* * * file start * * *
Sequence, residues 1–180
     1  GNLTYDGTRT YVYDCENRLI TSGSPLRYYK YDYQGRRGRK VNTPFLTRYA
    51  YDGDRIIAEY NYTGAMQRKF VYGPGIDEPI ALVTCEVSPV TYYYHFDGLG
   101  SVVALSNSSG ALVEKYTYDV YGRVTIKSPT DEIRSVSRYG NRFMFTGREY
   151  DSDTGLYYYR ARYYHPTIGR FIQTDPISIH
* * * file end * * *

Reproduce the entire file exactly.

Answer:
Sequence, residues 1–180
     1  GNLTYDGTRT YVYDCENRLI TSGSPLRYYK YDYQGRRGRK VNTPFLTRYA
    51  YDGDRIIAEY NYTGAMQRKF VYGPGIDEPI ALVTCEVSPV TYYYHFDGLG
   101  SVVALSNSSG ALVEKYTYDV YGRVTIKSPT DEIRSVSRYG NRFMFTGREY
   151  DSDTGLYYYR ARYYHPTIGR FIQTDPISIH